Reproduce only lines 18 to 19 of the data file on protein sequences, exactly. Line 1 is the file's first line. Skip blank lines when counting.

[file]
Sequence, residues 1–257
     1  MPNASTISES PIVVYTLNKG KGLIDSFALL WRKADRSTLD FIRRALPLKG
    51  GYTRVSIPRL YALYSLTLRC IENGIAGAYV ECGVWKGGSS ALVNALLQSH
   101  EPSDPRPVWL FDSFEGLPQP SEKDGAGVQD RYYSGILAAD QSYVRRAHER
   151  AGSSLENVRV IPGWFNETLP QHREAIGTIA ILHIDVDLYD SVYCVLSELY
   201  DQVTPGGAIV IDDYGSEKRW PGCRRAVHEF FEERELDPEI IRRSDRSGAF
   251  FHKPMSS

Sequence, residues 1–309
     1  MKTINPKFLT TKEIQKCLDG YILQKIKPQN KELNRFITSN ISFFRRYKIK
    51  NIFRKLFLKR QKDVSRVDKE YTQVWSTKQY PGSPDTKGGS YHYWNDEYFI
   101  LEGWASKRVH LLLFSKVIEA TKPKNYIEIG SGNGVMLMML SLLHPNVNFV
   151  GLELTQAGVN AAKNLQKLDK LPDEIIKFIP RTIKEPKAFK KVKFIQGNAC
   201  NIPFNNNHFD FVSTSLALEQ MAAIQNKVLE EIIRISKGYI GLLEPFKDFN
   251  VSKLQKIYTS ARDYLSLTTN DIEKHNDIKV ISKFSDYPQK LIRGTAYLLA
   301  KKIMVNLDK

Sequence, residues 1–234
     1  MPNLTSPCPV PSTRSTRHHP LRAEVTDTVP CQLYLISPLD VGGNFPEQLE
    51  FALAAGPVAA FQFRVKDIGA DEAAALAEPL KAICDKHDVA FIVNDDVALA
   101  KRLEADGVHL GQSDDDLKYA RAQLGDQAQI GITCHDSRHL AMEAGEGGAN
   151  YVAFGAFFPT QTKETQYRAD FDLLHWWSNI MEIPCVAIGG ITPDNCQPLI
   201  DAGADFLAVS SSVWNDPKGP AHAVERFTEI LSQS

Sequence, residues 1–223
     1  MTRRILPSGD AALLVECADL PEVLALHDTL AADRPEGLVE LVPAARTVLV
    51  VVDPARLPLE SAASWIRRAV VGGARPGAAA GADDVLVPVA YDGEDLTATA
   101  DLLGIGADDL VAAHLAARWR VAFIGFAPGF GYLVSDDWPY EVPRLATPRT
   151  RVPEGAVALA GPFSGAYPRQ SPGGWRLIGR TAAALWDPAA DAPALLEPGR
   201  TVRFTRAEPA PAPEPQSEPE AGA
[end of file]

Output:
    51  FALAAGPVAA FQFRVKDIGA DEAAALAEPL KAICDKHDVA FIVNDDVALA
   101  KRLEADGVHL GQSDDDLKYA RAQLGDQAQI GITCHDSRHL AMEAGEGGAN